Ke$ha Would Rather Hear “Till The World Ends” Than Anything She Sings, But Has No Misgivings About Selling It

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Vulture caught up with Ke$ha at amfAR’s NY Inspiration Event at the Museum of Modern Art in New York City last night to ask about “Till the World Ends.” Specifically: “Why would she turn over such an obvious smash to Britney Spears, when she could have kept it for herself?” Her answer:

“That song,” Ke$ha explained, “I’ve never been more proud of anything in my career… It really solidifies me as a songwriter in the pop music world, which is what I consider myself first and foremost. So it actually is really, really exciting for me when I hear [Britney] sing it. Like, when I hear my own songs on the radio I have to kind of turn it down or change the radio or whatever. When I hear that, I f****** blow the speakers out and I order everybody to dance.”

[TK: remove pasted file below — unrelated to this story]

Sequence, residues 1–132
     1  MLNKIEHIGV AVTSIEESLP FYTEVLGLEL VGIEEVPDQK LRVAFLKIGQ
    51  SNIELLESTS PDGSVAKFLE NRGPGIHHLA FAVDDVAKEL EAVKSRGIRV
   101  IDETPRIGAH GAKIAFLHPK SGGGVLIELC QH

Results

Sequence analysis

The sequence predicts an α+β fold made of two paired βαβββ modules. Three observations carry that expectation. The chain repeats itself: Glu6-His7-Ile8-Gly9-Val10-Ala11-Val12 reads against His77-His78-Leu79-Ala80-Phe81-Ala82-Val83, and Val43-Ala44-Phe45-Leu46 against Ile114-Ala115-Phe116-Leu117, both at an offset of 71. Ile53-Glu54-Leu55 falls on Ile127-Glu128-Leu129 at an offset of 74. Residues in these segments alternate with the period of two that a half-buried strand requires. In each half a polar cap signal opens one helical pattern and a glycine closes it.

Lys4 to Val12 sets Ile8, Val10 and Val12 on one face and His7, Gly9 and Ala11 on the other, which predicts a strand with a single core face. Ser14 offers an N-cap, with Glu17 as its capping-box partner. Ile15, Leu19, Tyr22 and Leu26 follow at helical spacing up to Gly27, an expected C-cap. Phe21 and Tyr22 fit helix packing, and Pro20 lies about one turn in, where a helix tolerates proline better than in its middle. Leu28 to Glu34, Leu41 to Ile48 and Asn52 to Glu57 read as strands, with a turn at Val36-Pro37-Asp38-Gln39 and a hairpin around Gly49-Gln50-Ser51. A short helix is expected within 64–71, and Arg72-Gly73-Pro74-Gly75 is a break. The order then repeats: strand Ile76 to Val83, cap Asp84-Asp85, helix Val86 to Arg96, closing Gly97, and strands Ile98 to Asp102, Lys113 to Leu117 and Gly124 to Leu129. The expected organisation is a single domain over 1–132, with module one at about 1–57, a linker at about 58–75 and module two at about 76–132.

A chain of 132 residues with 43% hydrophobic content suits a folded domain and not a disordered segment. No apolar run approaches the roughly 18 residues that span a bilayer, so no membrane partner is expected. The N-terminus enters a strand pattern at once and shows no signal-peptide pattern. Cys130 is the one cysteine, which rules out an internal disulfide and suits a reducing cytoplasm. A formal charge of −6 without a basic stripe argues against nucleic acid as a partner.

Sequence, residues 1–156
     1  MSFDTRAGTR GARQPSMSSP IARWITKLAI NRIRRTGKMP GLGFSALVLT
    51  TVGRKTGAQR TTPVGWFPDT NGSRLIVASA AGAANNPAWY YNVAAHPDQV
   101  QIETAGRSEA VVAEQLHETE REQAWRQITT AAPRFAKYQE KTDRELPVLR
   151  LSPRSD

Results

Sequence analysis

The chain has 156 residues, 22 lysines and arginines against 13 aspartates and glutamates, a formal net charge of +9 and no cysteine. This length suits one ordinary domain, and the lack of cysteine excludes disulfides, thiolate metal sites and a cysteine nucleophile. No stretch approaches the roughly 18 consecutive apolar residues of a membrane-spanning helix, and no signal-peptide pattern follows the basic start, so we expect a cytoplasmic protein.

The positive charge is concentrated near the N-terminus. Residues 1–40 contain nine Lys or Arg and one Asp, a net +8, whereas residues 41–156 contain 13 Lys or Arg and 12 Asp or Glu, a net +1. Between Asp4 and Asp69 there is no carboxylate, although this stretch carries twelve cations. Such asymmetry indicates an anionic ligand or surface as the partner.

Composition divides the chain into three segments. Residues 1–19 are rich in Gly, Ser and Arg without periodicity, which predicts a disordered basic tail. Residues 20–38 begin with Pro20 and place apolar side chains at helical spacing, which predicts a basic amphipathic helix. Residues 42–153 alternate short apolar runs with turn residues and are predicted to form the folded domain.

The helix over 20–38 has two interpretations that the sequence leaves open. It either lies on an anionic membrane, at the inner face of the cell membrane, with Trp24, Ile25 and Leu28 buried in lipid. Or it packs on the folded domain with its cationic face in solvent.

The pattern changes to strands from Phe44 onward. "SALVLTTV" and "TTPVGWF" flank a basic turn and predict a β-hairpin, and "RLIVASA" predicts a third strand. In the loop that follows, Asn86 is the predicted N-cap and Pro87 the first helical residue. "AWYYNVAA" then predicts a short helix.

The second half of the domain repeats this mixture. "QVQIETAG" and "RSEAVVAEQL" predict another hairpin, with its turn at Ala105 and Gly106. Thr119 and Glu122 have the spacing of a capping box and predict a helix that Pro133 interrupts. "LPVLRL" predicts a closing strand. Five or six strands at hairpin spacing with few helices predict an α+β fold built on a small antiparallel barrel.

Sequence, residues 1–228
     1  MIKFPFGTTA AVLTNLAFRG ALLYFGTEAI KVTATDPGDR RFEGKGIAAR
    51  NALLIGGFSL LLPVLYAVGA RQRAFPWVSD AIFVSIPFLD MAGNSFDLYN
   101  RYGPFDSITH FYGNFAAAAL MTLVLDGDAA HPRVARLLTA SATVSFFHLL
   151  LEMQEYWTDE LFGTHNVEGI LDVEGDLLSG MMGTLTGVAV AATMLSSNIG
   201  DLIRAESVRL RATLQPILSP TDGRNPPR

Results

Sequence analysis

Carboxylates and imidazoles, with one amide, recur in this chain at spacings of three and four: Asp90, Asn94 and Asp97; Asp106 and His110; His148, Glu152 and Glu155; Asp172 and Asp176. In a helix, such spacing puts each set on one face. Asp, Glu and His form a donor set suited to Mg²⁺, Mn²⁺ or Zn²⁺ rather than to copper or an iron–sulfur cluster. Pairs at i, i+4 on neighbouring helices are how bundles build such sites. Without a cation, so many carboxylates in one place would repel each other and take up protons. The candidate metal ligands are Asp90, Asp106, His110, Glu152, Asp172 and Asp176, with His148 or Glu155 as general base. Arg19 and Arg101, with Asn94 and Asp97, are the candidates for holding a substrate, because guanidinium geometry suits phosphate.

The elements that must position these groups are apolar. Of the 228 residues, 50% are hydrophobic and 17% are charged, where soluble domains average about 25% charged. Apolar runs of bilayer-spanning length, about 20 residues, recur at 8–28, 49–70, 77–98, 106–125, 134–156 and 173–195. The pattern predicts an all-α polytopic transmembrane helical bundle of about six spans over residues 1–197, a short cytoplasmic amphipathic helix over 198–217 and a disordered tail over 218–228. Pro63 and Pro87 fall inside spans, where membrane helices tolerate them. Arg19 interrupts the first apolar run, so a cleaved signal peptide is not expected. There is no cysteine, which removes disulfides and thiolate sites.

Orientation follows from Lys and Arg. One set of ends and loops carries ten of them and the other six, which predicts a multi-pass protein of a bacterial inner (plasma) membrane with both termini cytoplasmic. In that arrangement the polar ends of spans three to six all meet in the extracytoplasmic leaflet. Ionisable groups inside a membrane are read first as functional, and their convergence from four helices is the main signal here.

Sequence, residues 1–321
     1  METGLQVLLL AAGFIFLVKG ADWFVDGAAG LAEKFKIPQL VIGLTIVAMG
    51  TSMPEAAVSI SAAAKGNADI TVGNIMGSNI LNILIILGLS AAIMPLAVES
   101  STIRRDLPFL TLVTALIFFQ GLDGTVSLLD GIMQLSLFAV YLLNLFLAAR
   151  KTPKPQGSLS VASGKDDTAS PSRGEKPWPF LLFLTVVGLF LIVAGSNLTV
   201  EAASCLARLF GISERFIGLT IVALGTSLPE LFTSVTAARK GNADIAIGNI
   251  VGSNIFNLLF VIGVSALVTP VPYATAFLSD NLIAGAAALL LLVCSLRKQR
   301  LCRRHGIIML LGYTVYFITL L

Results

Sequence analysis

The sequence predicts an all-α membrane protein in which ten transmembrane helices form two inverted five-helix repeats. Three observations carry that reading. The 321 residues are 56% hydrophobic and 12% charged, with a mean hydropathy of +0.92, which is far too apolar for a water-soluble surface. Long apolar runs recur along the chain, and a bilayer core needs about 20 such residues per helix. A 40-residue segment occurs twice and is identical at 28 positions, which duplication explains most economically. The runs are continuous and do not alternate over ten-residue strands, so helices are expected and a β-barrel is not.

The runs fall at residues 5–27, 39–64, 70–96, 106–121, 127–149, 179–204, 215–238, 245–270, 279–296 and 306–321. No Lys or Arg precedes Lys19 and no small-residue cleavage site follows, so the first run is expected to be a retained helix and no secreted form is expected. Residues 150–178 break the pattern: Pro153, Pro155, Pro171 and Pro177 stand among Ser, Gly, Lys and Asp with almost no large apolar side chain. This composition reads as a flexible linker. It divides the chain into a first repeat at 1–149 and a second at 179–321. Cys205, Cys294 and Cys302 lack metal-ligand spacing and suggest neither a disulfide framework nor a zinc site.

Vulture attempts to snarkily sum this answer up: “Ke$ha gave away ‘Till the World Ends,’ and not ‘Sleazy’ because, just like you, she doesn’t want to have to listen to the latter on the radio.” Cute, but way off the mark! In the first place, Ke$ha didn’t give away “Till the World Ends.” Did Vulture forget that she spells her name with a $?

Economics aside, there are thematic unities to Ke$ha’s work (particularly on Cannibal) that, to the extent they exist in “Till the World Ends,” are distinctly smoothed-over. Whether or not Vulture takes Ke$ha’s artistic endeavor seriously, it’s clear Ke$ha does, and this might be a concern of hers. Also? Many people just don’t like to hear recordings of their own voice. All of this, furthermore, presupposes that we ought to take Ke$ha at her word, which might not be the right approach, both because of her tendency towards glibness and because of the insulting implication of the question, that is, “Didn’t you make a big mistake by selling this song?” Not a good look from the usually right-on-the-mark Vulture, we must say.

[Photo Credit: Getty Images]

  1. Thaye says:

    I must say I was irritated by that last sentece of Vulture’s article as well. “[...] because, just like you, she doesn’t want to listen to it on the radio.” Seriously? That whole remark was inappropriate for a site that usually takes itself and its articles seriously.

    Thanks for noticing and adressing this!